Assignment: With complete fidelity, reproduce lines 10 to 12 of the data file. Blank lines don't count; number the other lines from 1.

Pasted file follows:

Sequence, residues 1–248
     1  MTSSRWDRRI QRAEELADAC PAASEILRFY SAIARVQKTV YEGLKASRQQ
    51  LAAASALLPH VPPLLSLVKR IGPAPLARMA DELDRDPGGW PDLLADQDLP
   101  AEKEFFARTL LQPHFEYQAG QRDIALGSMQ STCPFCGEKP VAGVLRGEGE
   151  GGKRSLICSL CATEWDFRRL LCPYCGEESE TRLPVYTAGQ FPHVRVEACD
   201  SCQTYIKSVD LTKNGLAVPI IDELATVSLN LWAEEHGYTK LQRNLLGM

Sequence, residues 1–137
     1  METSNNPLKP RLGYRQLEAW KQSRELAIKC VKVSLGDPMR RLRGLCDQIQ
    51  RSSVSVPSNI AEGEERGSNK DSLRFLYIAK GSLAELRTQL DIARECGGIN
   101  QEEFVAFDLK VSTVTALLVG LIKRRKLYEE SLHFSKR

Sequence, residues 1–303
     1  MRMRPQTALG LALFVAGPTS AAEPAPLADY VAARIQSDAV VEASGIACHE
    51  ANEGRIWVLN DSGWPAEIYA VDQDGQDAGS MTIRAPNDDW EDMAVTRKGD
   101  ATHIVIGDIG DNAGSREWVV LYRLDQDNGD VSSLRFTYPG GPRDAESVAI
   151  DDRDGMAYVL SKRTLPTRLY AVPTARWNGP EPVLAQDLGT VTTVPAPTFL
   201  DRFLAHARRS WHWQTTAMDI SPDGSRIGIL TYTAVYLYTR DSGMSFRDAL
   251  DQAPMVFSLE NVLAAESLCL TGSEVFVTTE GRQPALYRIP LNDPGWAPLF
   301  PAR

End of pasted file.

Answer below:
   101  QEEFVAFDLK VSTVTALLVG LIKRRKLYEE SLHFSKR

Sequence, residues 1–303
     1  MRMRPQTALG LALFVAGPTS AAEPAPLADY VAARIQSDAV VEASGIACHE